So if you aren’t thrilled with your tummy, should you try to improve it?  As a woman surgeon, I think a lot about the scar of a tummy tuck.  Will you think about it? Let’s say we do the tummy tuck and the scar fades to nothingness, which is what I expect for most of my fair skinned patients.  So you have a teeny tiny line of scar across your belly and around your belly button.  Now you get dressed.  Are you going to think about the scar? Will you be concerned it shows? Will you reposition your underwear? With all of our tiny underwear and low rider jeans and running around all summer in a bathing suit chasing kids.  I think about the scar with every patient.

Many women I see fall into a grey zone- They aren’t what they were before kids (sigh.) but they aren’t bad.  If you stand up really super straight the belly skin looks okay. (don’t slouch!)  So should these women do a tummy tuck?

My advice for women waffling in the grey zone?  Wait.  Wait a couple years. Work out.  Do core training.  See what you can do.  Then evaluate if a tummy tuck is the right surgery for you.  When these patients come in for a consultation, I take out my very sophisticated advanced medical tool: a black sharpie pen.  And I draw (shhhh. don’t tell my kids) on your skin where I think your scar will go.  Then you go home and try on your clothes and stare at yourself in the mirror.  Imagine your skin is tighter; your belly flatter; and ohmy you have a waist again.  How do you feel about the scar?

Tummy tucks are big surgeries with a high “price”- they are painful, have bigger scars, and longer recoveries.  Don’t do it unless you need to.  Some women are just plain blown out after babies- hanging skin, stretch marks, or they look 5 months pregnant all the time.  These women really benefit from a tummy tuck.  But these women are not in the grey zone.

I get asked this question a lot.  “Why can’t I do a tummy tuck when I get a Csection?” Sounds good. Some people look at me like, duh, why haven’t you thought of this?

Anyone who has been pregnant knows their body is not normal at the end of pregnancy. During pregnancy your blood volume grows by 50%. If you labor hard, everything down south is swollen. Your body has been dedicated to creating a healthy baby, depleting your body of some nutrition. If you breastfeed, that continues. Your weight is not normal. Most of us have not worked out for months, and even for you uber Bay area athletes- admit it: you can’t really get a good core workout with a giant baby in your belly.

We plastic surgeons have thought about it. You are in surgery, anesthesia, everything is stretched out….. But a true tummy tuck is a big surgery. It is two layers- the bottom layer tightens your muscles at the midline where you formed the diastasis. The second layer is the excess skin. When we mobilize the skin, we undermine it from the pubic bone all the way up to the ribcage.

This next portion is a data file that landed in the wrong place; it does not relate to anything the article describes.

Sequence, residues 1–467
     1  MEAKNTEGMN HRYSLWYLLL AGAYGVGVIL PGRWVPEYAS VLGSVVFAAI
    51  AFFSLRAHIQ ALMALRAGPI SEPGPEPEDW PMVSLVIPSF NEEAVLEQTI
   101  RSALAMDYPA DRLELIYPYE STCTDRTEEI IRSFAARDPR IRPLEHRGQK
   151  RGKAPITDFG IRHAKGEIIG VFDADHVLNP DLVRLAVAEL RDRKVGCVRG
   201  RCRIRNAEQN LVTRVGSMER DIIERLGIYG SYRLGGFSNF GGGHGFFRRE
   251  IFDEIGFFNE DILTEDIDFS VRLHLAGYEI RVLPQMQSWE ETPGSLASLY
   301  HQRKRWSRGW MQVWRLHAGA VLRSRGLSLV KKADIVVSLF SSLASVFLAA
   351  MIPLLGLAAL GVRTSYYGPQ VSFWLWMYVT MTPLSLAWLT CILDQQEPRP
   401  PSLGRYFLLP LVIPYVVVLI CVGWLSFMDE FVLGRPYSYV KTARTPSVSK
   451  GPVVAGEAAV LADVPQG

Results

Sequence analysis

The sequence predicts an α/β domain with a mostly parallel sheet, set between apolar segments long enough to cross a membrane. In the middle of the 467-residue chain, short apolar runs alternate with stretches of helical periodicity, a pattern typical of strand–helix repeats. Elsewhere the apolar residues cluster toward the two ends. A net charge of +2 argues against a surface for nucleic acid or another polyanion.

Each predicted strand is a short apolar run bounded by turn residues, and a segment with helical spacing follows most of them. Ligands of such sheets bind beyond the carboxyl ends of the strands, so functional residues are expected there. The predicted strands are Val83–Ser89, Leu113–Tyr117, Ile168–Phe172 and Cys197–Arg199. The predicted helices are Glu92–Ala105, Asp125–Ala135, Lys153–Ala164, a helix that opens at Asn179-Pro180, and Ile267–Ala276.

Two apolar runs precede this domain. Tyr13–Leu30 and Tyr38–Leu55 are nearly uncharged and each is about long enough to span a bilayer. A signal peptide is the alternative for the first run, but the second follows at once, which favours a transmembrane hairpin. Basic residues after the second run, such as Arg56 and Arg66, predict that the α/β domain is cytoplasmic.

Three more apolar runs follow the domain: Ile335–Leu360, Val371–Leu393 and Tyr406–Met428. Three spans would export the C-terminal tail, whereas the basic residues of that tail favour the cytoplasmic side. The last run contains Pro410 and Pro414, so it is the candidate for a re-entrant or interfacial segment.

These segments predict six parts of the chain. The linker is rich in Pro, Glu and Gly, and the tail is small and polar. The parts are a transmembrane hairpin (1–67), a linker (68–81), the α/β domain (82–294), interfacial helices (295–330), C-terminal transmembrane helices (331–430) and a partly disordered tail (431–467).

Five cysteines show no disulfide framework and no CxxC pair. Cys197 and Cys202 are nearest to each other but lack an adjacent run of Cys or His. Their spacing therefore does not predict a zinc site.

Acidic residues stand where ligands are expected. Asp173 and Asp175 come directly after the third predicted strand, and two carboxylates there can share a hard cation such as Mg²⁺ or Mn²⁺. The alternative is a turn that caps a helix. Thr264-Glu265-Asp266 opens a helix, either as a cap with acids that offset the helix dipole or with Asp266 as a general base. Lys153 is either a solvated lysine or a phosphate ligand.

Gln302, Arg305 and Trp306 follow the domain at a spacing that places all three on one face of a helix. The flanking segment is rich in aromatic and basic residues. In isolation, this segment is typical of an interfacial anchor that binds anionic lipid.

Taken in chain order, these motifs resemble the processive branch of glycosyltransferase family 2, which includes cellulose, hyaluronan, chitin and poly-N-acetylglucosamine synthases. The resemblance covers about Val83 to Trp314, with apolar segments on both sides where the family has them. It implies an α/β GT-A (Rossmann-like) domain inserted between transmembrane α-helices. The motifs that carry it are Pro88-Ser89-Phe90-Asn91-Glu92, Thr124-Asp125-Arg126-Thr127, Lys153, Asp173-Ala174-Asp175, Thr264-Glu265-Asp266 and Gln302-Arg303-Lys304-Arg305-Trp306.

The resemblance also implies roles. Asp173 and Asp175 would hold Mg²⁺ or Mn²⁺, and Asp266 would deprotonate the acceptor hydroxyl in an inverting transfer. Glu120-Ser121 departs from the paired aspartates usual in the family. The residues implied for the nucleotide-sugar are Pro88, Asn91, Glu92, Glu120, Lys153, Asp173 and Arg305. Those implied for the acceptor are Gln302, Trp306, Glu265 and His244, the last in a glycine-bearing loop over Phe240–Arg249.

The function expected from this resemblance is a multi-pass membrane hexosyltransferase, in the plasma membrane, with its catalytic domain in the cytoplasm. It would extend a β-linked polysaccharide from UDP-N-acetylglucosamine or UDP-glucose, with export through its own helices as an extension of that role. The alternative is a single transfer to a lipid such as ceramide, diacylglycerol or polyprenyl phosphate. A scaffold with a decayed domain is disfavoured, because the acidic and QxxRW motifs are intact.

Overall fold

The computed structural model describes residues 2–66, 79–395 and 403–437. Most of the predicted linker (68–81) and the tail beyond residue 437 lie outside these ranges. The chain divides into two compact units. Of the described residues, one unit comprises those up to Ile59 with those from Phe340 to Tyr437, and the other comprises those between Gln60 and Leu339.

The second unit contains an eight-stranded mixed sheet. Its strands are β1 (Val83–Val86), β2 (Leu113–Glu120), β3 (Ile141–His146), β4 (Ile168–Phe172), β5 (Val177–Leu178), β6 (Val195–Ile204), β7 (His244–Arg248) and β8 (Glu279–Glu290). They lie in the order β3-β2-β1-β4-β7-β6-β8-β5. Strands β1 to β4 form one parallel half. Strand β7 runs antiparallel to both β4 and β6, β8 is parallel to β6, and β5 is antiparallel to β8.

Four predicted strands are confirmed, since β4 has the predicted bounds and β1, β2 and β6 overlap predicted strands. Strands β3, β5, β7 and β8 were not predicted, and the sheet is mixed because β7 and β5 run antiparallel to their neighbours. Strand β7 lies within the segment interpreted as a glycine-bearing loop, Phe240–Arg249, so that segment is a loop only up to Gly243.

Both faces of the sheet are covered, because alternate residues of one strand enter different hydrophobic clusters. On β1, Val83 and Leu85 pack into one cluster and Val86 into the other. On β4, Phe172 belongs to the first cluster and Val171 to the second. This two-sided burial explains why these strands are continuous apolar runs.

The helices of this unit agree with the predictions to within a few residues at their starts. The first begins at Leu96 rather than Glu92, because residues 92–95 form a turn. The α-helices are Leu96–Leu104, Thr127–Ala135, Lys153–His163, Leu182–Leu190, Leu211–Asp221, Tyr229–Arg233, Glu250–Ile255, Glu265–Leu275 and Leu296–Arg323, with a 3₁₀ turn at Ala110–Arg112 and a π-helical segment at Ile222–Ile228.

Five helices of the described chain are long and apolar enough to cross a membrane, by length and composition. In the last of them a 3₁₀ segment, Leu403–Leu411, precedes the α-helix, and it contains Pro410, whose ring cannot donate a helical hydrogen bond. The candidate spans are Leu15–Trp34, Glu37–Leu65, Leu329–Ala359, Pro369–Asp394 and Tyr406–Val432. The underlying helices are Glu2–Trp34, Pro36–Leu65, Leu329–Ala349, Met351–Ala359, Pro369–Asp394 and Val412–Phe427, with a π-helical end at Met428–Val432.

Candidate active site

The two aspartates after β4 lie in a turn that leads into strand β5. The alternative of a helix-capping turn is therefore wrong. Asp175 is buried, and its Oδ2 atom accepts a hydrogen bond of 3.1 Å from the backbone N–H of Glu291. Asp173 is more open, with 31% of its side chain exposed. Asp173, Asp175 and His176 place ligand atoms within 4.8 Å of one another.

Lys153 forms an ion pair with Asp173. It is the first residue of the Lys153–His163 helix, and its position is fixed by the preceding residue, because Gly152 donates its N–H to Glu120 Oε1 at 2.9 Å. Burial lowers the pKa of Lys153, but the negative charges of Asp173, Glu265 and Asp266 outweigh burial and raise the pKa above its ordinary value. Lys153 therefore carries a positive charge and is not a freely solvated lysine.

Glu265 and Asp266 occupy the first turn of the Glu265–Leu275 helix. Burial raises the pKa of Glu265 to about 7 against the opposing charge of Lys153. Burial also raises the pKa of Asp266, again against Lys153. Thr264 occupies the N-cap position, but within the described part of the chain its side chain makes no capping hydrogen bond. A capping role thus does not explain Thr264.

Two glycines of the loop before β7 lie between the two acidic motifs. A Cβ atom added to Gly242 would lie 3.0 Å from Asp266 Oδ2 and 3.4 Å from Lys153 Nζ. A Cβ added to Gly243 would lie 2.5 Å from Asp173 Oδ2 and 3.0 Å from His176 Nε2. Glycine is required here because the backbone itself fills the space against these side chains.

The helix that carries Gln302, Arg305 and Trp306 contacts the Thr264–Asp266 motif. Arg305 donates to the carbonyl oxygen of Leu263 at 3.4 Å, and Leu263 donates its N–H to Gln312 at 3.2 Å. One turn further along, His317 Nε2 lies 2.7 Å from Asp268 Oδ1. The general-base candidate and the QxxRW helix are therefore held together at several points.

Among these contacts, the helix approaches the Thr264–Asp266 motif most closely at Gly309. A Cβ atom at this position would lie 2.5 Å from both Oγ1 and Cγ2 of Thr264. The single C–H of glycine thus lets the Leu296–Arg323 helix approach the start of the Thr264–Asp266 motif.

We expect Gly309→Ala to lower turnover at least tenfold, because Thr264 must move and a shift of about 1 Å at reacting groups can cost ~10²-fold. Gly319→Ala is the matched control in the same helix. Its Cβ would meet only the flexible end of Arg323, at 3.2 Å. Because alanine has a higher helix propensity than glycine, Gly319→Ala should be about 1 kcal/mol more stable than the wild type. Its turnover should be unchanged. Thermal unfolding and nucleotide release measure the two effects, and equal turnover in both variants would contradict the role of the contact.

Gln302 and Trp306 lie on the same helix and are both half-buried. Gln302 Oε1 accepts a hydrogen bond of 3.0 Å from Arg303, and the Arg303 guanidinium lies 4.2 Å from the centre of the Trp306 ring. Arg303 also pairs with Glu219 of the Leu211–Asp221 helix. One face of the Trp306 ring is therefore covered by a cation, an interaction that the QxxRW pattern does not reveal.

Many Csections are after laboring and failing vaginal delivery. The patients are exhausted and swollen, and so is their tissue. You have significant blood loss during delivery. There have been studies in the past which linked combined surgery to higher complications. Please reread paragraph one again.

Elective cosmetic surgery is that. Elective. Cosmetic. It must be SAFE. You need to be well, healthy, energetic. You have a newborn to feed and care for and lift. Blood loss, poor wound healing, opening of your incision, bleeding, inability to lift heavy objects, staying bent at the waist, drains, liquids only for the first few days- it is too much.

What about the people who advertise “Tummy tuck with C section, Get a 2 for 1!” Those are not true tummy tucks. That is usually a little wedge of extra skin off the lower belly. A small skin wedge is akin to a miniabdominoplasty and adds little extra risk. This is not a tummy tuck. During this procedure they are not tightening the underlying muscles, nor are they addressing any of the loose skin or muscle above the belly button.  But if you have to have the C section, why not take a little extra skin? I am not against it.  Removing a wedge of skin will lengthen your C section scar, but it may be worth it.

As for the real tummy tuck with the C section…. I get it.  I would love the two for one.  I would love to have been done with my third kid and come out looking like a movie star.  But it is surgery.  A big surgery.  And to do it right, your body needs to be normal.  You need to be healthy.  You need to have normal blood levels and nutrition.  And you need to be able to focus on YOU.

You just gave birth.  You are lucky.  Focus on your beautiful baby.  Trust me, your baby isn’t looking at your belly….  They have other parts of you they want.

I was recently the featured interview for an online magazine for busy moms to talk about the mommy makeover.

http://bizymoms.com/palo-alto/surgery/mommy-makeover-palo-alto.php